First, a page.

Here, Winter is given the keys to Zappa’s vast and varied personal archive to deliver an encomium to an artist who would have been enormously influential had anyone been able to keep up with him. Failing that, he’ll simply go down in history as sui generis. Tracing Zappa’s childhood in Edgewood, Md., where his father worked at the Aberdeen Proving Ground during the development of mustard gas and other chemical compounds, “Zappa” finds a motif that would recur throughout his life, during which he attributed various ailments to the years spent near hazardous material. When the family moved to California, Zappa broke out of his stultifying — and racist — environs by playing music with Black bandmates at the same time that he cultivated a lifelong appreciation for the avant-garde composer Edgard Varese.
As a chronology, “Zappa” is pretty straightforward: Winter has a wealth of visual material to work with, and he luckily completed interviews with Zappa’s wife, Gail, before her death in 2015. Although Winter touches on Zappa’s private life — including his unapologetic infidelities — he's far more interested in a creative trajectory that never went entirely mainstream, but proved to be surprisingly enduring nonetheless.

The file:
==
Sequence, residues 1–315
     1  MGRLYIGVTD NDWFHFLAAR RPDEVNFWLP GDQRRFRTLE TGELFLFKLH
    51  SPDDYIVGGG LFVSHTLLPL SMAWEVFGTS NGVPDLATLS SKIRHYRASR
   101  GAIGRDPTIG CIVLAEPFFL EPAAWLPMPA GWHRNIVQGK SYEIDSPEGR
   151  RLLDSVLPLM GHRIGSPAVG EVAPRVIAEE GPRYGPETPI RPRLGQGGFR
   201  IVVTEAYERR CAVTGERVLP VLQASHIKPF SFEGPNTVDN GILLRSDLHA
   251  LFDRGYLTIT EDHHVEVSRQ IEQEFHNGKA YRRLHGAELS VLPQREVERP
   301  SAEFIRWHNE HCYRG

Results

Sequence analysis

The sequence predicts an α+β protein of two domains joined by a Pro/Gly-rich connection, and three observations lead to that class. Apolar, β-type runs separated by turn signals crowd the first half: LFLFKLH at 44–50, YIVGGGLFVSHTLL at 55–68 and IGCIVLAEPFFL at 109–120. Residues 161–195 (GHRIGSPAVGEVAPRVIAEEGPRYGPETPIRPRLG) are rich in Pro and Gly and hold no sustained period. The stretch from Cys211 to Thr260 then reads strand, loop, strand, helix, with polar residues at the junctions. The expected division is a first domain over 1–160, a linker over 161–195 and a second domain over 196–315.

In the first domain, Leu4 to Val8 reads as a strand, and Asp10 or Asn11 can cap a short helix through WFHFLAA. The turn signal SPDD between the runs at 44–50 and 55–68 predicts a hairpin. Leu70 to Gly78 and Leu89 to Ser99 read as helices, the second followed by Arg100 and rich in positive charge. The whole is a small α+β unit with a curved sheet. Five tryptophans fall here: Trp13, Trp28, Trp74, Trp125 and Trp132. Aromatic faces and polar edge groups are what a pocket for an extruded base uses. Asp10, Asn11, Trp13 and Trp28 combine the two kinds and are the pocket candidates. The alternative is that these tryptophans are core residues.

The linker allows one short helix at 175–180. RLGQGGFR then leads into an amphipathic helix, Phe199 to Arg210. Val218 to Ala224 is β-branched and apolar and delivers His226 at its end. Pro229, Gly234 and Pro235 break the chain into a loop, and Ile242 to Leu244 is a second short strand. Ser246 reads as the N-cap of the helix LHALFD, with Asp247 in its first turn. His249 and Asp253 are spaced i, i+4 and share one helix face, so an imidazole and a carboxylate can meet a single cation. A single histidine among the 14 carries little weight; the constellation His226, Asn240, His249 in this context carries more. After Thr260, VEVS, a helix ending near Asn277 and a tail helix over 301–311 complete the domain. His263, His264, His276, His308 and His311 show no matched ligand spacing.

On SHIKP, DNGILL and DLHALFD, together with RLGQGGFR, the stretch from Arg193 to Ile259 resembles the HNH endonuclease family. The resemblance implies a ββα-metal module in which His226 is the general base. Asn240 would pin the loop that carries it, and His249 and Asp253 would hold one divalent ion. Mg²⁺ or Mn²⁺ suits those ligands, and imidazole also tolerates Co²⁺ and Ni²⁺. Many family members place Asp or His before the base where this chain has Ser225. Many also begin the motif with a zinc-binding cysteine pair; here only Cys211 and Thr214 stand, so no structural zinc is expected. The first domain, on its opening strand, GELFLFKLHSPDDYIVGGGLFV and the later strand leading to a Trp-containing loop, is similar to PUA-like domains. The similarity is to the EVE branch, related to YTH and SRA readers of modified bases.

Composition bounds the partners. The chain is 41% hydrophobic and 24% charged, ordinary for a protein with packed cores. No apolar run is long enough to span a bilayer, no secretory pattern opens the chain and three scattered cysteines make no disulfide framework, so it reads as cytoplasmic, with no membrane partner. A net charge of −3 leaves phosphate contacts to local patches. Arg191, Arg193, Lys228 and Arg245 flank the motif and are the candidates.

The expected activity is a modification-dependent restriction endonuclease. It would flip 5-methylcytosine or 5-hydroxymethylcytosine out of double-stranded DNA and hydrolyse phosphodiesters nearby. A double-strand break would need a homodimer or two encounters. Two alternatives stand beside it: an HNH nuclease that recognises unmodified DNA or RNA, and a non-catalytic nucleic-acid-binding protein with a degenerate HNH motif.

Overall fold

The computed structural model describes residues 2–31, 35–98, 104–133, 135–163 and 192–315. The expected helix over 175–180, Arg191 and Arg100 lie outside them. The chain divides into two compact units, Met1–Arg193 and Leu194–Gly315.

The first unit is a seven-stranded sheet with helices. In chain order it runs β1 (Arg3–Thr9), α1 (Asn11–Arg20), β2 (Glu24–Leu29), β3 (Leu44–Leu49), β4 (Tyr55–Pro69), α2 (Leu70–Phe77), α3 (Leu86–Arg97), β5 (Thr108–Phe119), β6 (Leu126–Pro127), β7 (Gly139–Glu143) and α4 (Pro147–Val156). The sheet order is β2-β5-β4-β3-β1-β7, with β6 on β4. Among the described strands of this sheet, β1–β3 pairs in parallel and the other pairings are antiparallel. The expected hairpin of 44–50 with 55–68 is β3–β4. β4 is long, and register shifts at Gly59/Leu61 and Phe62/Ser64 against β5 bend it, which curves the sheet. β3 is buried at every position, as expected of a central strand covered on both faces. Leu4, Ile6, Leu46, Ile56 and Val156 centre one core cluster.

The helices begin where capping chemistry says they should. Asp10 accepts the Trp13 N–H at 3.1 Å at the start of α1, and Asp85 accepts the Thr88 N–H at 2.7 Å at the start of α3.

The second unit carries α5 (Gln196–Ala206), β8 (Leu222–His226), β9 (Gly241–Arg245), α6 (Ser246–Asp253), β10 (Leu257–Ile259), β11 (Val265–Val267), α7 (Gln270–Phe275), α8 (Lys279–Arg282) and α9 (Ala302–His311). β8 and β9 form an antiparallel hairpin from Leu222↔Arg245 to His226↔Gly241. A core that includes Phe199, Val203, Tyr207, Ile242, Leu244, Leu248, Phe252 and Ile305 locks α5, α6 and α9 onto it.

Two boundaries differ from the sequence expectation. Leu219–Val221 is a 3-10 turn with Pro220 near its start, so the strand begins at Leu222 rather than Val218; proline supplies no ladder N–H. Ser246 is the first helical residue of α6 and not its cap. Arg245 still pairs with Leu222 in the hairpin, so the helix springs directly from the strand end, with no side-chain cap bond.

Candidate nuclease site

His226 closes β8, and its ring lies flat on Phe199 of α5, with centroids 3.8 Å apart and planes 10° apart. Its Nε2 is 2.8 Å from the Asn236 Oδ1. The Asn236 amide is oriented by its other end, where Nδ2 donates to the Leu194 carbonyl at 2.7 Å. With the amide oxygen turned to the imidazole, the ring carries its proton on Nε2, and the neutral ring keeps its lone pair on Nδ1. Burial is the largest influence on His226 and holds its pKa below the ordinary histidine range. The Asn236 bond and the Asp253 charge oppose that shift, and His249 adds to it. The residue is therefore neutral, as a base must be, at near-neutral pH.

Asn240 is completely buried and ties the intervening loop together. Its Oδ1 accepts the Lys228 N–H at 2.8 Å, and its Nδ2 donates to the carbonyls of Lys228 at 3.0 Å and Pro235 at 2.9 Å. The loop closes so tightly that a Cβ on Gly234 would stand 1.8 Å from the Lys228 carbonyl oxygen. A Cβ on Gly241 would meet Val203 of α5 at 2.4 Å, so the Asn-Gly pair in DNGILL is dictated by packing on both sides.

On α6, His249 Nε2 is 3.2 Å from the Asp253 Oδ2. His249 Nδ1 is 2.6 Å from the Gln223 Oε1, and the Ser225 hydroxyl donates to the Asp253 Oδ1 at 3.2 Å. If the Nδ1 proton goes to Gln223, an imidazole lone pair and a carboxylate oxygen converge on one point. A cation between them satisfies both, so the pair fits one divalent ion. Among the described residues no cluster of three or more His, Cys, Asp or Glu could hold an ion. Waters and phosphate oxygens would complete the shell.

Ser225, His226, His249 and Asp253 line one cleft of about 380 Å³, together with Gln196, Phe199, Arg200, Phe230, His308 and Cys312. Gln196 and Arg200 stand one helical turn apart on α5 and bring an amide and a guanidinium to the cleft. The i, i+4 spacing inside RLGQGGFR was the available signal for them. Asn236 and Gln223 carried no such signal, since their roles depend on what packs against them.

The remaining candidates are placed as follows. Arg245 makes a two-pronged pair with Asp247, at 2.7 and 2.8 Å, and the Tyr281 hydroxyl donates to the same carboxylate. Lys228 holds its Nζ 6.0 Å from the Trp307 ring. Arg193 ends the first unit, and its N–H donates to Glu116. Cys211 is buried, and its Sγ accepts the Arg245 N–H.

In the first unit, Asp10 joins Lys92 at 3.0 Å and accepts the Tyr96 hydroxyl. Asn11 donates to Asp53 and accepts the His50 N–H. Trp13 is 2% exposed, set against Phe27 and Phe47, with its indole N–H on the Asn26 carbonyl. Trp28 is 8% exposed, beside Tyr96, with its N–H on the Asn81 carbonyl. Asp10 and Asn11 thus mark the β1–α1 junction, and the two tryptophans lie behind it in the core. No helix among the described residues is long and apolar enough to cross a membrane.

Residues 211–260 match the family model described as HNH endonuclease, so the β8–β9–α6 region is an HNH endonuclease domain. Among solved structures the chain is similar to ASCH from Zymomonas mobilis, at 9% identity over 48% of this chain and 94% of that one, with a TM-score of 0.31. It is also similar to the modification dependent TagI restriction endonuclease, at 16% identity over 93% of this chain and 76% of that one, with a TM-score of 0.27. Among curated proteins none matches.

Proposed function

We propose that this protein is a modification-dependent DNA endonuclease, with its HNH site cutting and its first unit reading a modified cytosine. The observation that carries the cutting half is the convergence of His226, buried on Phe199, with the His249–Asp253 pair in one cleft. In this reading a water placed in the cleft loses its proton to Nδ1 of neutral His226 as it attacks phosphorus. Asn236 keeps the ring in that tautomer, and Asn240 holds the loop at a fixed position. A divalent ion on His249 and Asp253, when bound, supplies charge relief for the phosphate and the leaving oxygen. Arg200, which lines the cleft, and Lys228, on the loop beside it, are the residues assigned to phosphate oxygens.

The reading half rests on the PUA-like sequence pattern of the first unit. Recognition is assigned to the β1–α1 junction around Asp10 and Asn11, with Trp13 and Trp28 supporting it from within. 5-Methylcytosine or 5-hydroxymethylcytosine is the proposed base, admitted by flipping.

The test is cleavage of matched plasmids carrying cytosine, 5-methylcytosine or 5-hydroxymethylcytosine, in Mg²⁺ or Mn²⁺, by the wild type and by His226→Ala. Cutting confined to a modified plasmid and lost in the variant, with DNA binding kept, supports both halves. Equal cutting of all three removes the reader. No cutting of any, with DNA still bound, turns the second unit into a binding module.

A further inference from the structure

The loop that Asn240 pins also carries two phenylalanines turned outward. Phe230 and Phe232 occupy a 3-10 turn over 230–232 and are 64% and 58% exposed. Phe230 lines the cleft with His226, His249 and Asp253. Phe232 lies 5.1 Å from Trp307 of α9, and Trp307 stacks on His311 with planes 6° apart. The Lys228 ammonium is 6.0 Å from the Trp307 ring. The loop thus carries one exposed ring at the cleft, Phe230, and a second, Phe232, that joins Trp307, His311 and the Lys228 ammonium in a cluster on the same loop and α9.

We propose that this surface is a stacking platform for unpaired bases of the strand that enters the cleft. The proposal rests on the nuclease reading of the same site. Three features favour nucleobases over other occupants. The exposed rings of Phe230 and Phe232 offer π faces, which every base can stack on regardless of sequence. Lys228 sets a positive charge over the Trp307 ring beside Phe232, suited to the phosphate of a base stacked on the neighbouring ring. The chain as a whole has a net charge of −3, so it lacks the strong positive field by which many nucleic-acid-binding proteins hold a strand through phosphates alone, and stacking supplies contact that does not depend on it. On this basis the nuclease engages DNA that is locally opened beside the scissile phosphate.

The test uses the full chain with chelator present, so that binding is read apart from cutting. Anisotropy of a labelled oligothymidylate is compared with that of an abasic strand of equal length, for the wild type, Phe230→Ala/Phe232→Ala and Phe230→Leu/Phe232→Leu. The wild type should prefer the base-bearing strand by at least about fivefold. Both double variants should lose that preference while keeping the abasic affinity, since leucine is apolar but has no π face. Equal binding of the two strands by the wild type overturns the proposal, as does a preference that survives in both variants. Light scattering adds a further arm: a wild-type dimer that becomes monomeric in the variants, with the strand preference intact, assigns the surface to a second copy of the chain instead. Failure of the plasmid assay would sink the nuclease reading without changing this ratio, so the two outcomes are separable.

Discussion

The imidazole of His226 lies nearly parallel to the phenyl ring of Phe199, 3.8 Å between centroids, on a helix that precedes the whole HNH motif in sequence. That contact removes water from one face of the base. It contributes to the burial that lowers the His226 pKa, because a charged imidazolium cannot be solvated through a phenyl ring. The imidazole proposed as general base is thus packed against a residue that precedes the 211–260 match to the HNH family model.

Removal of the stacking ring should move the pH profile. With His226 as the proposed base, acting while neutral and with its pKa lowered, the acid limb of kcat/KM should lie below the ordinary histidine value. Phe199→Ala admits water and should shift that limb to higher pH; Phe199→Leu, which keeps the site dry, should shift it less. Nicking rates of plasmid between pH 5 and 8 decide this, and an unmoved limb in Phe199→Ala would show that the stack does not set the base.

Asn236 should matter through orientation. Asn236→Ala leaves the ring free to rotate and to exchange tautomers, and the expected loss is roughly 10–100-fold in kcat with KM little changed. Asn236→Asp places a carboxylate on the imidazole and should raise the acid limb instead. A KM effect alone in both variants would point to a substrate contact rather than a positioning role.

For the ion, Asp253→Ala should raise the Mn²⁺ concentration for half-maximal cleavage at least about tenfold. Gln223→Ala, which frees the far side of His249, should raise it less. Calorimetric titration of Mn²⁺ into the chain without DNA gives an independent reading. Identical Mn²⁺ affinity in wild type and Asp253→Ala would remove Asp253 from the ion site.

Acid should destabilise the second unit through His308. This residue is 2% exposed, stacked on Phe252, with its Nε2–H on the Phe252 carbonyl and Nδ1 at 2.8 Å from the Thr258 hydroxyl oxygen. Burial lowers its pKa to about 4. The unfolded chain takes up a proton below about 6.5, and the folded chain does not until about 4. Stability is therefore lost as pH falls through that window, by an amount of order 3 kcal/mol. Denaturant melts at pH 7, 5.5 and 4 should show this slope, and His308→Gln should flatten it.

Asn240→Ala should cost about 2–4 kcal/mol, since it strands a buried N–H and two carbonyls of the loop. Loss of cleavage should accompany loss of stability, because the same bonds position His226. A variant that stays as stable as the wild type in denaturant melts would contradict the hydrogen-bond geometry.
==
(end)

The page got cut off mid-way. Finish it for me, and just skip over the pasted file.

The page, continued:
In part, that was because of Zappa’s own notoriously prickly nature and stubborn self-belief: Interviewing former members of his band, the Mothers of Invention, Winter conveys a vivid portrait of the artist as a remote, demanding and uncompromising leader. “Zappa” covers the attack from a fan at a 1971 concert in London that resulted in life-threatening injuries; Zappa’s feuds with record labels and rock-lyric alarmists like Tipper Gore and Susan Baker; and his emergence as an unlikely international statesman in post-Soviet Czechoslovakia. It’s a whirlwind yet comprehensive journey through pop culture and politics, during which Zappa remains a steadfastly principled but essentially unknowable presence (none of his children are interviewed in the film). This isn’t a revealing documentary as much as a judiciously admiring one.
“Zappa” gives its subject his well-earned due within the rock firmament. But even more valuable, Winter gives Zappa pride of place among the most important composers of the 20th century, sharing some extraordinary performances of his little-known classical work. The most moving sequence of the film might be former Mothers percussionist Ruth Underwood performing one of Zappa’s most exquisite and difficult compositions, “The Black Page.” In that moment, it becomes clear that for all of Zappa’s earthbound appetites and flaws, he was blessed with the ability to tap into something cosmic, lasting and true.
Unrated. Available at afisilver.afi.com. Contains profanity, smoking, partial nudity and suggestive material. 129 minutes.